Why are we here?

February 21, 2009

Oxford

Wycliffe Hall, Oxford

Wycliffe Hall, Oxford

During the fall semester of my senior year, I studied in Oxford, England, at one of Oxford University’s colleges called Wycliffe Hall. The college takes its name from John Wycliffe, who was killed for translating the Bible from Latin into English. 

 

Kieron Winn

Kieron Winn

These months spent living on Pullens Lane were some of the best of my life: chronically late and riding my red bike helter skelter down High Street to discuss my unfortunate use of “inflated rhetoric” with the English poet Kieron Winn or 18th-century novels with a lovely Canadian woman named Emma Plaskitt, who worked as an editor at Oxford University Press; drinking cups of Lapsang Souchong and eating scones with clotted cream and jam at the Q Bar while critiquing poems with my dear friend Nathan Sytsma, now earning his Ph.D. at Yale; and before I forgot one of the strangest events of my life, tagging along to a hare coursing.

 

 

A Hare Coursing

Everyone was wearing tweed, neckties, Wellingtons, and Barbour oilcloth jackets. Rain fell on us all day. The “hounds”—or what I call “beagles”—chased “hares”—or what I call “rabbits”—across sodden fields while all of the participants—us—passed around a big bottle of port and a little flask of Laphroaig, a very peaty single malt from Islay. I met Jules, a counter tenor who lived in London. I met Andy, who was apparently royalty in an Asian country who name I forget. 

 

A hare coursing on a rainy day outside of Oxford.

A hare coursing on a rainy day outside of Oxford.

The beagles eventually found a gap in a fence and went AWOL. We didn’t receive this news until we had fled indoors to the only pub in the middle of all that pastureland and were burning on fingers on “chips”—what I call “french fries”—amidst the aromas of wet wool, beer, and the sour-sweet musk of human bodies that have been outside all day.

We piled back out into the rain then stuffed ourselves into a tiny car to drive on muddy country lanes in a futile effort to help people I did not know locate their pack of rogue hounds. Eventually, we did see the smeared outline of the head huntsman, or whatever you call him, in his white jodhpurs and short green velvet jacket. His name? Crispin?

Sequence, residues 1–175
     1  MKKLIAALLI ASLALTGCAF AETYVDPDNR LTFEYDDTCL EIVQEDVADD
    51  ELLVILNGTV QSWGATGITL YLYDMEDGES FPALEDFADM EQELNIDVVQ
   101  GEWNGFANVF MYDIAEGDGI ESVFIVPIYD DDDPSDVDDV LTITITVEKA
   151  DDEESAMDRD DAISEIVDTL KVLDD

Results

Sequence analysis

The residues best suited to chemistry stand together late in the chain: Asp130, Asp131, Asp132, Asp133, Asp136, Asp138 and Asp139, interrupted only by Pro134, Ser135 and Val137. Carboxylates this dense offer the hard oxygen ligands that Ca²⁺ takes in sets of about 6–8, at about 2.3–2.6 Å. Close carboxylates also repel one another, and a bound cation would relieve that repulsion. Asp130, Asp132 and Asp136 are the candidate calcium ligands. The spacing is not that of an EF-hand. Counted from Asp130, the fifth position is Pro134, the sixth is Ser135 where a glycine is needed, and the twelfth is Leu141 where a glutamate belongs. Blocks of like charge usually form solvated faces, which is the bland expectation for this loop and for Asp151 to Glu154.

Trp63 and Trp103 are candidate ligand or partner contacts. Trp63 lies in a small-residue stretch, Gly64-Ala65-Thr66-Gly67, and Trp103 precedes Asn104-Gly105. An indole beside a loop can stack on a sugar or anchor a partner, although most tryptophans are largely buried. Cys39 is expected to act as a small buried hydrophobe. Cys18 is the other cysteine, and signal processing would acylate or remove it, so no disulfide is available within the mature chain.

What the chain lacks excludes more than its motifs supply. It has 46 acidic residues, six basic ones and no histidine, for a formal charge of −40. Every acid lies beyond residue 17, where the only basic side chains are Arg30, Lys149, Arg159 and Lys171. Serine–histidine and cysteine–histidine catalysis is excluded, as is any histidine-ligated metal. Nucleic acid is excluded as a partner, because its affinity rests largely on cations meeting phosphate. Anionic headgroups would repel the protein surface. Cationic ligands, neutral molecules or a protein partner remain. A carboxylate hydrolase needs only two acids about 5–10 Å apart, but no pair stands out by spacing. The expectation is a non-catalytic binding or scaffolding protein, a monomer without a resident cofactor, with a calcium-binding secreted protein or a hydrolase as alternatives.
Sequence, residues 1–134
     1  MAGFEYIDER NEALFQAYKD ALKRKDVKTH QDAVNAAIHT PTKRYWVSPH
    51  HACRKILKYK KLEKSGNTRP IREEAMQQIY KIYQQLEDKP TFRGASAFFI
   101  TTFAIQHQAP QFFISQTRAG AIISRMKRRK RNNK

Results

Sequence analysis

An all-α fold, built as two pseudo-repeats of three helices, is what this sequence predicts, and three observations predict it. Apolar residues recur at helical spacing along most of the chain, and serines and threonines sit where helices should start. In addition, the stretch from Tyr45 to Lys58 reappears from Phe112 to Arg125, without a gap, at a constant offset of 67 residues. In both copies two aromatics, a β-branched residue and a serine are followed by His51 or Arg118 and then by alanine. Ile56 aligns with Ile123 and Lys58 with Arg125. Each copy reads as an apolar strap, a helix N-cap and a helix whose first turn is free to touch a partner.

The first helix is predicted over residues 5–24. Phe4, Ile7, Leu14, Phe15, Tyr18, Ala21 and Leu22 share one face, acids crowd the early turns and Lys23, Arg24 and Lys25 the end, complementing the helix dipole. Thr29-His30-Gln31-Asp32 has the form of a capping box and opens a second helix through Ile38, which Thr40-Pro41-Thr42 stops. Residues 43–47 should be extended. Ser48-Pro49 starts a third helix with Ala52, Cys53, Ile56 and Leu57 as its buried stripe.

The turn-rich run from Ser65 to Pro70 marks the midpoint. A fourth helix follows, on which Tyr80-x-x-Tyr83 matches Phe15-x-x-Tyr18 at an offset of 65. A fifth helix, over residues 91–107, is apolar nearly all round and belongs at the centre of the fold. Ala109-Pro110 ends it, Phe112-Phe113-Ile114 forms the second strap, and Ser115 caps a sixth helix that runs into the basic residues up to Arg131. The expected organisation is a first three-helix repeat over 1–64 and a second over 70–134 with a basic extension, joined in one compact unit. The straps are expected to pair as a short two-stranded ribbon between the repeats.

Thankfully, we learned from him that someone better acquainted with the area and better equipped for the task at hand had rounded up the wet mass of canine who didn’t catch a single hare that day. Somehow, I was okay with missing the sight of their dismembering and devouring him. Oh well. 

We ended up at an ancient farmhouse with stone-floored stables and heavy wooden furniture polished from years of use. Here an older English couple asked us questions about the day and fed us scones and sandwiches and pushed cups of hot tea into our cold hands. I flirted with several girls I didn’t know who went to elite boarding schools in cities that I pronounced incorrectly. How was I supposed to know that “Winchester” wasn’t pronounced WIN-chess-ter but something like WEENches-tuh? Again, oh well. There wasn’t much competition anyway. Most of the English girls I met loved American men. I figured that must be because most of the English men I met looked like they’d crumble if they broke into a run.

Purple Turtle

When I got back to the States, I wrote an essay for a contest put on by the Council for Christian Colleges and Universities,the organization that runs the program. They gave me 2nd place. The winner wrote a proem, that I thought was neither good prose nor good poetry. I was probably just bitter though.bench2

The following is an excerpt from that essay:

“Dancing is like anything else: the more seriously you take yourself, the less seriously everybody else takes you. I struck up conversation with a girl, who, like everyone in Oxford it seemed, turned out to be an American. After the customary questions—Where are you from? What school? Where is that? What are you studying?—our conversation petered out. As she stumbled away to the bar or restroom, she yelled over her shoulder: ‘English majors don’t know how to party!’ 

This will be my vocation; a constant struggle of constant change, Jacob’s wrestling with the angel and my wrestling with the Spirit: using words, literature, and my life to share the Good News. This is what Christian English majors do. This is how we party.”

The full two-page essay is still online. I’d completely forgotten about it until two or three days ago.

Funny, I’m still asking and answering the same questions: “Why do I write?” and “Why are we here?”